I have also created modified versions of the map that will provide a different perspective than is possible with the original map. These include two versions of the map that add 3D hill shading using elevation data from NASA. The hill shading shows the relationship between topography and geology in such a way that is not possible by looking at the flat version of the map. I also created a version based on the Winkel Tripel Projection that provides a slightly different perspective.
The various versions of the map are available below.
Google Earth Versions
There are two versions of the map which can be viewed in Google Earth. The first version is the original flat map. The second version has the 3D hill shading added. Just click on the button below to open up the maps with Google Earth.
Zoom.it is a Microsoft Labs website that makes it very simple to view huge images online and works great for displaying high resolution maps such as these. I have created three versions of the Geologic Map of North America which can be viewed with Zoom.it. Simply navigate around the maps below using your mouse. Click on the icon in the lower right corner to view the map in full screen mode.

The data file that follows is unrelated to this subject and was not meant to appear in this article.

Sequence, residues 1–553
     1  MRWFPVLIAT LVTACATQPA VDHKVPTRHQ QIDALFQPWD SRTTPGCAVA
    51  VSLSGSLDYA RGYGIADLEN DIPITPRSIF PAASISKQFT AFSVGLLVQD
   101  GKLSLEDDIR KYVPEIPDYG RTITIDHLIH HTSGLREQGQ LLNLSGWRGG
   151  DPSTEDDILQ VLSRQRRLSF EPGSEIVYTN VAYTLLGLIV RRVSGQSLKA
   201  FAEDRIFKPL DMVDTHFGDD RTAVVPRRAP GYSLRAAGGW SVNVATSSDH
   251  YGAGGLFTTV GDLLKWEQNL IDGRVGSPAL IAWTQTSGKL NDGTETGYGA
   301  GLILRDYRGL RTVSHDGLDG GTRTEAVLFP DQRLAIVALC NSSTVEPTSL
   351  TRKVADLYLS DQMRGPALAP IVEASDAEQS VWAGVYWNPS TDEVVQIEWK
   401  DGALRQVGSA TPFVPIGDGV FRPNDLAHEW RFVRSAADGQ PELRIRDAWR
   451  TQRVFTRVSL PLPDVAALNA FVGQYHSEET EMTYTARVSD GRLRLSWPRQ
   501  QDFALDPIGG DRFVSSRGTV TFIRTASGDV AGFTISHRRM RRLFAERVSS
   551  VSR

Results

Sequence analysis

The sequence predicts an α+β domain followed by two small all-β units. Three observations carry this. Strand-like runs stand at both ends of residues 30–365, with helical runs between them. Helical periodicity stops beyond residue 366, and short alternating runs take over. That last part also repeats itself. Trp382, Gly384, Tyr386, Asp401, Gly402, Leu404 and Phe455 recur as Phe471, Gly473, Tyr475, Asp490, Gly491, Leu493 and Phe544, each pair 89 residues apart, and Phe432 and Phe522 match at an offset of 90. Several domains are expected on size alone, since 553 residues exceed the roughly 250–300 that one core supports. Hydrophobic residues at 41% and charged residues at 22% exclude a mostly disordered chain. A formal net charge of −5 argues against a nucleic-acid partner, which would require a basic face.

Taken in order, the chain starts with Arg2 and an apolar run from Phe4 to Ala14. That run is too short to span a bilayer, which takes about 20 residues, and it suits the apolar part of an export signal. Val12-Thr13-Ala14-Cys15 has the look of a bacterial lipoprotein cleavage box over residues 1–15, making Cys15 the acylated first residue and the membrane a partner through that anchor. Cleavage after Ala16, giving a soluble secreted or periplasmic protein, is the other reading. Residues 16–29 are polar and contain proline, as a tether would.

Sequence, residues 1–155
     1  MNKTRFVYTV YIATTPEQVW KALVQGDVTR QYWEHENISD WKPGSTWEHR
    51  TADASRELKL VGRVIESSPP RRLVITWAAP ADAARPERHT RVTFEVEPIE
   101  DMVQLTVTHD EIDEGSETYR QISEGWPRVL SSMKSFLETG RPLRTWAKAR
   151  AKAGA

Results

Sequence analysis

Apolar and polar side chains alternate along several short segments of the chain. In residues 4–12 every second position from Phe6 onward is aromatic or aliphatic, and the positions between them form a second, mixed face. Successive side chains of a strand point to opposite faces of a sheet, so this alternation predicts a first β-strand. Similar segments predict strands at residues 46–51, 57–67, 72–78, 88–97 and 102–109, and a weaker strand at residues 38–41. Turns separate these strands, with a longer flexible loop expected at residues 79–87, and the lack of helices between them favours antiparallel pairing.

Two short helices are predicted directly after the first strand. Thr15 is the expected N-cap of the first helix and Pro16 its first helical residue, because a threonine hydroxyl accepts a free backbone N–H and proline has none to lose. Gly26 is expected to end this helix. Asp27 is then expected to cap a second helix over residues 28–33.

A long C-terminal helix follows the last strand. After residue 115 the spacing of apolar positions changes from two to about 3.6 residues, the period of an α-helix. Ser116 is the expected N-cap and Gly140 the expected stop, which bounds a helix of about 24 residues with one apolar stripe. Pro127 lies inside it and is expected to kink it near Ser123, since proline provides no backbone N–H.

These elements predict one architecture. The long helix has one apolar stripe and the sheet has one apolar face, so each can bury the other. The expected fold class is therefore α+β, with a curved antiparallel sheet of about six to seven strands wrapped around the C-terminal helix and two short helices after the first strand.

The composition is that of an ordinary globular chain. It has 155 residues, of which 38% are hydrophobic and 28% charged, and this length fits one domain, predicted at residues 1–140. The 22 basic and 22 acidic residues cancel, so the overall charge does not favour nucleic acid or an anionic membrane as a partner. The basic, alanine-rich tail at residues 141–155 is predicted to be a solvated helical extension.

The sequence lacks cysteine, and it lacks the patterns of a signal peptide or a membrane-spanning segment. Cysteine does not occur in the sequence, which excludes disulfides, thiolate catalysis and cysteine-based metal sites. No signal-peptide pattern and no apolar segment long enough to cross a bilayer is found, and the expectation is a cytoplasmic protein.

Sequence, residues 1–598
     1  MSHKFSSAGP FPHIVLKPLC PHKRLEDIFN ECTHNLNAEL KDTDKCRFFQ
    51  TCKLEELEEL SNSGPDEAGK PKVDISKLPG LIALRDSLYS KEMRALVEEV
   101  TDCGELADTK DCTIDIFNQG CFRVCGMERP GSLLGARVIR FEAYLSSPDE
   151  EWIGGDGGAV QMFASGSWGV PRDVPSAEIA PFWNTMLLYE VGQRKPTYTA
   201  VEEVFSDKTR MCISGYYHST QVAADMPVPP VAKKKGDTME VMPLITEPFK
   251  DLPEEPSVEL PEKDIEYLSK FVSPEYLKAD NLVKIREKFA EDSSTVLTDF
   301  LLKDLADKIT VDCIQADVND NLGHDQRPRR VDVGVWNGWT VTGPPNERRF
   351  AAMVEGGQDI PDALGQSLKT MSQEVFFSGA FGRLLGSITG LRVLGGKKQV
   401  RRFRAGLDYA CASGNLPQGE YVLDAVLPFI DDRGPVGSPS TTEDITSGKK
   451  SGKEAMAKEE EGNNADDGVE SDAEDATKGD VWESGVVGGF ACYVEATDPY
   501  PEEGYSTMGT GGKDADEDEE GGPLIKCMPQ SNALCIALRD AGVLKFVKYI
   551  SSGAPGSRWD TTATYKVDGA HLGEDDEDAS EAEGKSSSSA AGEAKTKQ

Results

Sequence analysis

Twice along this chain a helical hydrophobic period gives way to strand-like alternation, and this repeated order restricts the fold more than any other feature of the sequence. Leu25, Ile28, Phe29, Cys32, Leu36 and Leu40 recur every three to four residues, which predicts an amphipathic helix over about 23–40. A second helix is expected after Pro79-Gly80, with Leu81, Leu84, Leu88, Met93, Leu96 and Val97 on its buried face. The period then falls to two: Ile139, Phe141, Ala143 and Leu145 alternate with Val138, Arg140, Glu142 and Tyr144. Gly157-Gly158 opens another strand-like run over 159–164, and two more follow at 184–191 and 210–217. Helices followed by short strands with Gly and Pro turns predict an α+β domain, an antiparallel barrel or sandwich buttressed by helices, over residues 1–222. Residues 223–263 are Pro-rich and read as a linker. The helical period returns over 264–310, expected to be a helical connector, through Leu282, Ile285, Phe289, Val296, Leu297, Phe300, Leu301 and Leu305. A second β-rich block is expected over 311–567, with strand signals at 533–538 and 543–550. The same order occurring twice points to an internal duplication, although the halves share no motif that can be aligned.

The first version is the original map.
The next version has 3-D hill shading added.
The final version is reprojected to Winkel Tripel Projection, which shows the map in a slightly different perspective. This version also has the 3-D hill shading.
I stumbled across a new (to me anyways) website from Microsoft Live Labs called SeaDragon which will process huge image files and make them available in such a way that they can easily be viewed online.
So far I have been able to get it to process a map as large as 1.4 gigapixels. SeaDragon even hosts the image tiles for free. Kudos to Microsoft Live Labs on this one, I’m impressed. Unfortunately there is no way to view the maps in Google Earth or Google Maps.